Albert & Thomas: Selected Writings

By St. Thomas Aquinas; Albert the Great et al. | Go to book overview

Introduction

I. THE LIFE AND WORKS OF THOMAS AQUINAS 1

Thomas was born into a large, aristocratic family 2 in 1226, 3 ten years after the establishment of the Order of Preachers, 4 five years after the death of St. Dominic. It was the year in which the first signs appeared of the conflict between pope and emperor that was to dominate the next quarter of the century. 5 Some of Thomas' ancestors had borne the title "Count d'Aquino", 6 but this title had been lost several generations back and his father was known simply as "Lord Landulph d'Aquino" 7 and is described in the necrology of Monte Cassino as a "knight." 8 The family's main residence, where Thomas almost certainly first saw the light of day, was the castle of Roccasecca 9 in the kingdom of Naples, ruled at this time by the flamboyant and ambitious King Frederick II, who had been crowned emperor by Honorius III in 1220. Thomas' father, Landulph, was one of Frederick's barons 10 and in 1220 he had been appointed judge for the district round Naples, the Terra di Lavoro. 11 At least two and probably more of Thomas' brothers served at different times in the imperial army. 12 Politically the most important member of the family was a cousin of Landulph's, also called Thomas d'Aquino, whose staunch and adventurous support for Frederick was rewarded early in 1221, when he was named Count of Acerra. 12a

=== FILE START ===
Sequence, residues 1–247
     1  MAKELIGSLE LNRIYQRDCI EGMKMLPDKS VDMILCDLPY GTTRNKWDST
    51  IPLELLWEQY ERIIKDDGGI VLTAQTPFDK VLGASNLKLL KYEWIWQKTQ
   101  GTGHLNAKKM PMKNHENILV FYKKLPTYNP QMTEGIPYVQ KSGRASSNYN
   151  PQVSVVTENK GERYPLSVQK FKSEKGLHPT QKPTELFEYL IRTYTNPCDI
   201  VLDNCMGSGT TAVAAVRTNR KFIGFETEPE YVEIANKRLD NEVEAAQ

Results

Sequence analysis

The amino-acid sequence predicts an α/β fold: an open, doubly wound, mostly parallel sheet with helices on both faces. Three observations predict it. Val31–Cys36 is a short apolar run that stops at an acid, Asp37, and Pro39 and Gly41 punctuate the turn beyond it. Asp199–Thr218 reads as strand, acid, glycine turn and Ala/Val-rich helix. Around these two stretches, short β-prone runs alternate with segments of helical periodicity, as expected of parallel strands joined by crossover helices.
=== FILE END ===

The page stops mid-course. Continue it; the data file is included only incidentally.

Thomas' mother, Theodora, came of noble Neapolitan stock, 13 and there was a family tradition that before Thomas was born, and indeed before she realized she was pregnant, a local hermit visited her at Roccasecca and prophesied that she would give birth to a son called Thomas, who would be unrivalled in holiness and knowledge and that, in spite of his family's intention that he should be a monk at Monte Cassino, he would join the Dominicans. This story was told by Theodora herself to her granddaughter, Catherine, who told it to Thomas' biographer, William of Tocco. 14 It is not inconceivable that something of the kind took place, but there are reasons for suspecting that Theodora may have "edited" the story to some ex

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